Optimize load from aggregate stores
listmail at philipreames.com
Fri Jun 13 10:16:10 PDT 2014
On 06/12/2014 09:25 AM, Owen Anderson wrote:
> On Jun 12, 2014, at 9:02 AM, Philip Reames <listmail at philipreames.com
> <mailto:listmail at philipreames.com>> wrote:
>> On 06/12/2014 12:28 AM, Owen Anderson wrote:
>>> On Jun 11, 2014, at 11:29 PM, deadal nix <deadalnix at gmail.com
>>> <mailto:deadalnix at gmail.com>> wrote:
>>>> It is gonna improve the situation quite a lot for all frontend that
>>>> use aggregate loads (arguably, that is a bad practice, but that no
>>>> reason to stab people in the back when they do it anyway).
>>> I’m not sure I agree with that statement. If we don’t think they
>>> should be used, not optimizing them is a good way to discourage
>>> that. More generally, I’m concerned about how we will ever get good
>>> test coverage of this code path, since we don’t have any extant
>>> front ends that hit it.
>> I'm joining this discussion late, but a) why are aggregate loads bad
>> practice? Loading something like a small struct from memory with a
>> single load seems reasonable.
> They are not well supported through the code generator, and
> introducing them would add a lot of complexity. There are better
> solutions already in use. The only encouraged use case for first
> class structs is as multiple return values.
Can you point me to a previous discussion of best practices here? I've
honestly never seen this recommendation.
When you say "not well supported", do you mean functionally? Or
Is there an easy lowering scheme which could convert the discourage form
into a preferred form early in the compilation process?
>> b) There are frontends that are not in tree. The fact that Deadal
>> submitted the patch is a good hint that *someone* cares.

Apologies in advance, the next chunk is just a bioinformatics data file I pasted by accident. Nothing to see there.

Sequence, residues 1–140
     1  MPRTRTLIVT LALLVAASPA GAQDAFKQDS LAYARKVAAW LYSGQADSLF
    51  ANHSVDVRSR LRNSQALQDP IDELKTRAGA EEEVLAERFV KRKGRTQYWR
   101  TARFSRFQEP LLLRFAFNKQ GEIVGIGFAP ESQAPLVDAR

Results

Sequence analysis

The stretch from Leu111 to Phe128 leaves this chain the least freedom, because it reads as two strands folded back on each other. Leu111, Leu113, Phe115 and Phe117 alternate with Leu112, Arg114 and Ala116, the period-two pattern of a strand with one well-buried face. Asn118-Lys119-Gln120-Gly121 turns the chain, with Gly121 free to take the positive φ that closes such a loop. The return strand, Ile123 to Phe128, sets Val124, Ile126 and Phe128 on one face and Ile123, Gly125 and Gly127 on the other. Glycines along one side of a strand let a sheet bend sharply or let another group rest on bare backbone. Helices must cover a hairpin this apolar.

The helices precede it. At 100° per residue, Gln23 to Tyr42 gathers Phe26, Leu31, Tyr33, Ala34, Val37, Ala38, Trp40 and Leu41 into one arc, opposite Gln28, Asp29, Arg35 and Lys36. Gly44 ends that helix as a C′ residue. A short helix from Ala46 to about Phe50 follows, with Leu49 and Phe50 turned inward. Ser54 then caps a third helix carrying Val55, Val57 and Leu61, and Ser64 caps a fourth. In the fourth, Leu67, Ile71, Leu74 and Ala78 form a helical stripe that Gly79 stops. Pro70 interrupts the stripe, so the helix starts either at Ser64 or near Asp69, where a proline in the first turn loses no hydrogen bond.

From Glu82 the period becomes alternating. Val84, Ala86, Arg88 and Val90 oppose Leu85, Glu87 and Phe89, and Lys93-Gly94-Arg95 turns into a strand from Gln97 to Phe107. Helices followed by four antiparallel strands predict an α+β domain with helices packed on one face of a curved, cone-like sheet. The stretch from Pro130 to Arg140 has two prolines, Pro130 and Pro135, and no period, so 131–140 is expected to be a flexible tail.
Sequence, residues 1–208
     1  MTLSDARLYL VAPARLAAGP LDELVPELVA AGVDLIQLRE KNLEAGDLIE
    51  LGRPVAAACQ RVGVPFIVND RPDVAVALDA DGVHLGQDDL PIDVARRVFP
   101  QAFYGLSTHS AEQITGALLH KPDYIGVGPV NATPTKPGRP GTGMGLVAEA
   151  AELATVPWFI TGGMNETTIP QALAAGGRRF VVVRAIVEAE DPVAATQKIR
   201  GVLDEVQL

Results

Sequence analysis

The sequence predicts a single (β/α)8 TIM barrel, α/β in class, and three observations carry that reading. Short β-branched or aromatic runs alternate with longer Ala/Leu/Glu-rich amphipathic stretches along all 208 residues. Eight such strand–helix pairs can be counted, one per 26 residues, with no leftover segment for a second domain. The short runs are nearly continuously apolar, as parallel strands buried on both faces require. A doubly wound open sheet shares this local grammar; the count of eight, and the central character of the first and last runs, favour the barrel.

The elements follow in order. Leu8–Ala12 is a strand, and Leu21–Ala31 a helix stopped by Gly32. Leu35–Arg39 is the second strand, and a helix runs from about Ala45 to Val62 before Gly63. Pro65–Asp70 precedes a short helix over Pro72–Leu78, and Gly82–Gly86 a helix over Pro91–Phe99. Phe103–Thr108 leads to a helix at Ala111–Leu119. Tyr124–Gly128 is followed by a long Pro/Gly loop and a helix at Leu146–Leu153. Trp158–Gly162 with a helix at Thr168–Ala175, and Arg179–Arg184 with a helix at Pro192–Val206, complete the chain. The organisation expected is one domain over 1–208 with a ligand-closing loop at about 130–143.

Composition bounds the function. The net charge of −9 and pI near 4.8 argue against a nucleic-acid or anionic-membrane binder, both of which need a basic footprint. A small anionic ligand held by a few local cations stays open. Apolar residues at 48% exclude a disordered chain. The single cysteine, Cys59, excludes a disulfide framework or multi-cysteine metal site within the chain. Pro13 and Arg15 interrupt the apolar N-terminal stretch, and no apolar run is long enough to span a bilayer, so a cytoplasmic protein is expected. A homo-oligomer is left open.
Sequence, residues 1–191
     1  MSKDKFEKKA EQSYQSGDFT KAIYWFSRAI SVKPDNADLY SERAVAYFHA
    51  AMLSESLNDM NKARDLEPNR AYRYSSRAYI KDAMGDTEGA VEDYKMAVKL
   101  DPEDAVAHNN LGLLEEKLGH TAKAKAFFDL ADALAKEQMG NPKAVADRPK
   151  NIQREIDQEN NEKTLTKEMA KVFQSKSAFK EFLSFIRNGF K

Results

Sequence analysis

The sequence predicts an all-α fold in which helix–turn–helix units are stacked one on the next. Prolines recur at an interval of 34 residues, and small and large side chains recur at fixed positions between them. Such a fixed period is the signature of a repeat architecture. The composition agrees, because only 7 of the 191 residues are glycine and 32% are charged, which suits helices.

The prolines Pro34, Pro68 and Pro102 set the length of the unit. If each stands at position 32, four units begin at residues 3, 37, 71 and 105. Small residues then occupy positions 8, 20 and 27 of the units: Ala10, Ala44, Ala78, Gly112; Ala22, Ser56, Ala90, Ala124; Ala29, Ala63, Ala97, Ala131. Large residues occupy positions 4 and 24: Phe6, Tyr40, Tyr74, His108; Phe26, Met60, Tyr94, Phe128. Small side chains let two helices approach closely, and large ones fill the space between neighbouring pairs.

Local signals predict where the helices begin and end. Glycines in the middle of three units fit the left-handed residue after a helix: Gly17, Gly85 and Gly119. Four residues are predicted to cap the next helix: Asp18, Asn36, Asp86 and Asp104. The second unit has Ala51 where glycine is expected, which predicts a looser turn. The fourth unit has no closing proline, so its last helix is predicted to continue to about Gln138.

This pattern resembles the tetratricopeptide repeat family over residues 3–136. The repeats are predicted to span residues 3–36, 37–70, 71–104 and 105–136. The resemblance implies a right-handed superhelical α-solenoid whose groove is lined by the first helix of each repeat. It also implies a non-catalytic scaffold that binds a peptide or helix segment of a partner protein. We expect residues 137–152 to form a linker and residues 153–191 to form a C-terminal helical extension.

> That’s not the same as saying that they *should* care. The project
> regularly makes policy and/or technical decisions that favor good
> practices over bad. As an extreme example, we don’t even try to
> promote non-entry-block allocas to virtual registers. Totally
> possible, but we have collectively decided that the extra complexity
> is not worth it when we can just tell frontend authors to adopt best
> practice and put their allocas in the entry block. This example is
> firmly in line with that.
You're making a quite radical claim here. Your comments could be read
to imply that no effort while ever be put into improving things which
are not already used by clang. I know this is not what you probably
meant, but it is the message I'm getting.
Do you have concrete objections to the patch in question? Looking
through the changes, I see a couple of things which can be improved, but
it seems like a reasonable starting place. It also seems like a low
maintiance burden to trigger this much discussion. :)
Just to be clear: technical feedback along the lines of "this doesn't
seem like the right approach because of X, Y, Z; have you considered
doing W?" is more than fine. It's the tone and phrasing I'm objecting
to. (And t.m.k. the lack of documentation.)
Your comments w.r.t. testing is entirely reasonable technical feedback.
> Moreover, we generally prefer not to add functionality that is not
> exercised in open code. A single regression test is not good enough.
> That verifies that one case works, but we’ll never find the cases
> that don’t work, or that interact improperly with other optimizations,
> because we have no way of actually testing it live.
I would agree that a single regression test is not enough. Having
multiple such tests should be. We routinely take patches found by
analyzing problems with proprietary applications. Claiming that we
don't accept changes which we can't test in their original environment
is simply untrue.
Just to be clear, I do understand your concerns about how to ensure good
test coverage on changes which don't cover hot paths from existing well
known frontends. Deadal should address this point. However, a flat
rejection is not the right answer if a way to test the feature
adequately can be found.
Deedal, have you considered trying to find examples where Clang does
emit aggregate loads and stores? Owen mentioned the tuple return case.
Have you considered phrasing optimization in terms of the benefit there?
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